The federal district court that heard the case (Campbell v. Chase Nat’l Bank, et al., 5 F. Supp. 156 (S.D.N.Y. 1933)) began by correctly observing that gold and silver have forever been recognized as the basis of trade—as money.  And thus, whether as legally monetized coin or as commodity bullion, gold and silver are necessarily and inherently tied to the concept of money.

But then the court went off the rails.  Because gold and silver are the basis of money, according to the court, they are affected with “public interest.”  Uh-oh.  And because they are a matter of public interest, they must be within the scope of Congress’ “plenary” (total) power to regulate money.  From this, the court then upheld the government’s action of taking Campbell’s gold—his money—as a valid exercise of the government’s sovereign power of “eminent domain” (the power to seize property):

“The frontiers of necessary action by the federal government are constantly shifting, and, as a result, the methods of using federal governmental powers have to change from time to time, and hitherto unused powers have to be invoked to cope with the varied exigencies encountered . . . The incidence of the right of eminent domain, as will be seen from what is hereinafter said, is not, however, limited to commodities affected with public interest, but involves the right of the government to take private property of any kind when it is deemed necessary, by the appropriate authority, for the public good.”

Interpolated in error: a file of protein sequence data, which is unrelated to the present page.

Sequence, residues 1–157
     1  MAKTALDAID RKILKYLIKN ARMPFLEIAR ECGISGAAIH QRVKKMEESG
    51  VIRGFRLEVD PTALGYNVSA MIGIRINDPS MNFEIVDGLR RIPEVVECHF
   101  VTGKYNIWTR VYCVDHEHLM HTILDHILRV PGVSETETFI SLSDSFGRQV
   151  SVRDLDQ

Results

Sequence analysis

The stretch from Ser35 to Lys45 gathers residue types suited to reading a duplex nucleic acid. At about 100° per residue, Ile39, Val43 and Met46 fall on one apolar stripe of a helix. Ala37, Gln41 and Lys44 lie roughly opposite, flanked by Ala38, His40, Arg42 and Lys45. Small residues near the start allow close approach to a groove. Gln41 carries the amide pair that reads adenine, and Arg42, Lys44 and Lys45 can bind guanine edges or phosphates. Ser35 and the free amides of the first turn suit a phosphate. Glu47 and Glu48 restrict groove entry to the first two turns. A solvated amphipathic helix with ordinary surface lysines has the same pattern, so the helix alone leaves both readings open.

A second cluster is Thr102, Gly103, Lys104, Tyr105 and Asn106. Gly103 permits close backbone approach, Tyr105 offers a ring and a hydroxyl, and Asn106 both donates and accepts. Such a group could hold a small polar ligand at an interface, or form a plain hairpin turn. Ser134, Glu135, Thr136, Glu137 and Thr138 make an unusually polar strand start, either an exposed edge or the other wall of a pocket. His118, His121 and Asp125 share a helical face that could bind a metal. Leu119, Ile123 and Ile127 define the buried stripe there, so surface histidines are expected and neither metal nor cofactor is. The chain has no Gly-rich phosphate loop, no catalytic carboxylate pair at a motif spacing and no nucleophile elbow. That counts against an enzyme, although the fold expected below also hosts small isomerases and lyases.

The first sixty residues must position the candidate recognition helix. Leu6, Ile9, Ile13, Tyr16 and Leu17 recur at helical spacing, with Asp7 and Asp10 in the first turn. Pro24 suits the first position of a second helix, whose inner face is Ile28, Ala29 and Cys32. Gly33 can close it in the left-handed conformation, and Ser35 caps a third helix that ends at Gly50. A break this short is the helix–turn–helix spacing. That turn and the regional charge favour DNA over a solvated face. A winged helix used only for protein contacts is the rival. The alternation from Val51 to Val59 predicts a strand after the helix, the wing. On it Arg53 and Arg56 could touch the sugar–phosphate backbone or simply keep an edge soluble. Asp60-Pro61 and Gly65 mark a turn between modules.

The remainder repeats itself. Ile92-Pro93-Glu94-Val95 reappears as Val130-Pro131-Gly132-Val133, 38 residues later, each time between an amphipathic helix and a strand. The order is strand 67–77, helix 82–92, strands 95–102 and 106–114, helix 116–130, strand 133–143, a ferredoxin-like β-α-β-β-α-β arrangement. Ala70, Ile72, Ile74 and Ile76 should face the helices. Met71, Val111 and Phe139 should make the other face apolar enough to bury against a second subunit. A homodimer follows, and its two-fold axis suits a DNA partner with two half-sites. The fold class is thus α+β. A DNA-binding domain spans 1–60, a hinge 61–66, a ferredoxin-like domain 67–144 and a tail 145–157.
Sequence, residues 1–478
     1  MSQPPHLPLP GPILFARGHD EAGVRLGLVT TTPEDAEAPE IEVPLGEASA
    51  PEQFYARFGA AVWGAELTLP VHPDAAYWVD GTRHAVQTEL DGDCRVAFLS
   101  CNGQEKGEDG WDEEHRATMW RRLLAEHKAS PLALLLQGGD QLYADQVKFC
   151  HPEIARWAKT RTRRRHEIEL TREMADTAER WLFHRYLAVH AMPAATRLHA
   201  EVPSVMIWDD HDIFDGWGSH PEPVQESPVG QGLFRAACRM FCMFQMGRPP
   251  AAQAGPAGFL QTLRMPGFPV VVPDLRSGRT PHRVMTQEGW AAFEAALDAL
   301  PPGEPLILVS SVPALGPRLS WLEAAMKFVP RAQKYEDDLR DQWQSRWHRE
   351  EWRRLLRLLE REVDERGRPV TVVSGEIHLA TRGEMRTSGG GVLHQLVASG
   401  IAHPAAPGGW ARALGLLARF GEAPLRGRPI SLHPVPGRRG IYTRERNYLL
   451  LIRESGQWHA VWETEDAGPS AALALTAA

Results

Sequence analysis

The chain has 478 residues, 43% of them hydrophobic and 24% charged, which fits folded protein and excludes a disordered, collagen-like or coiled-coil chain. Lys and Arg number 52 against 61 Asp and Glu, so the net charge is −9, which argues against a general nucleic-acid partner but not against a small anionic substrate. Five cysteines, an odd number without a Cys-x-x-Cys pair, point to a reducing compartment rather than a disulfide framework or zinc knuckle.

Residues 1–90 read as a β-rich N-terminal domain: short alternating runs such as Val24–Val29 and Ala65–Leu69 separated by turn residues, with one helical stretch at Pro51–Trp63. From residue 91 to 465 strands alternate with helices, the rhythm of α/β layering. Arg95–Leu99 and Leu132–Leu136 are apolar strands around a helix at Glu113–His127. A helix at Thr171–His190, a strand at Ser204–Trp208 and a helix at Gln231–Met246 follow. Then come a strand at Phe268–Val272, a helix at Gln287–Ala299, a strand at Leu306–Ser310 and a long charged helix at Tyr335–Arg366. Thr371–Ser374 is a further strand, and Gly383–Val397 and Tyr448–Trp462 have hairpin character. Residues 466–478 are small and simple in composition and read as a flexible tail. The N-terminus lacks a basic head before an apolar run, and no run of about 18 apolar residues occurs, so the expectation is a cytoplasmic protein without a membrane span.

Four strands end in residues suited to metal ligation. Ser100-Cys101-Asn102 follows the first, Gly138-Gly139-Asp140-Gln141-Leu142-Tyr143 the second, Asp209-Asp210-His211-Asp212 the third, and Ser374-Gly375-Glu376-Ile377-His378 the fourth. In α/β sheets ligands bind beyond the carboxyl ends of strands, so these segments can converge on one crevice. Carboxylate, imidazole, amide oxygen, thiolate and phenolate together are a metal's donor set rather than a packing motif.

Notice the dangerous thinking embedded in the court’s expansive language.  The limits of the federal government’s power are not fixed, but are instead infinitely flexible to allow the government to take action in response to the self-declared emergency of the moment.  And thus the government’s sovereign power of eminent domain extends to allow it to take anything from you it deems necessary for the public good.  Even your money.

But Rusty, we see eminent domain used all the time to build roads, and the government always has to pay fair compensation for what it takes.

True enough.  But without getting into the argument over whether people who have their land taken from them ever really receive fair compensation, consider that in this instance we’re not talking about a forced sale of land.  Nor are we talking about a taking for use by the general public.  We’re talking about the government taking your money for itself and replacing it with less money (or with what is arguably not even money at all).